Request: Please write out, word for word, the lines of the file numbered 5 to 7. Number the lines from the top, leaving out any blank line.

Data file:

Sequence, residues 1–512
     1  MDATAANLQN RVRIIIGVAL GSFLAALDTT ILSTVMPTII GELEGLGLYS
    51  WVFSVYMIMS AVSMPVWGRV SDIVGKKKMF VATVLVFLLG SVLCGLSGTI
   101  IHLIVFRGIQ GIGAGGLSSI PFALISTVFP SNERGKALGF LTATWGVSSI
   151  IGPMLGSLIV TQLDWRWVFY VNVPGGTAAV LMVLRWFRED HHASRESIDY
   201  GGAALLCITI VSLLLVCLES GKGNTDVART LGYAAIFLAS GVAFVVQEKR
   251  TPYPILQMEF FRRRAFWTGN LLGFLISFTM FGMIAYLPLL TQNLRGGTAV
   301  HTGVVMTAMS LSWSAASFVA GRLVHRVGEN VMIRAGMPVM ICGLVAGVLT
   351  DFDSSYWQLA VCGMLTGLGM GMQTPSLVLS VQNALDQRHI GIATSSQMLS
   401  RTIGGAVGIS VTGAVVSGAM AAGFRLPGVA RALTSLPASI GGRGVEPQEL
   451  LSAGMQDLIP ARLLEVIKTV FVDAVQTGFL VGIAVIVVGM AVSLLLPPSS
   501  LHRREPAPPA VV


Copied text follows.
   151  IGPMLGSLIV TQLDWRWVFY VNVPGGTAAV LMVLRWFRED HHASRESIDY
   201  GGAALLCITI VSLLLVCLES GKGNTDVART LGYAAIFLAS GVAFVVQEKR
   251  TPYPILQMEF FRRRAFWTGN LLGFLISFTM FGMIAYLPLL TQNLRGGTAV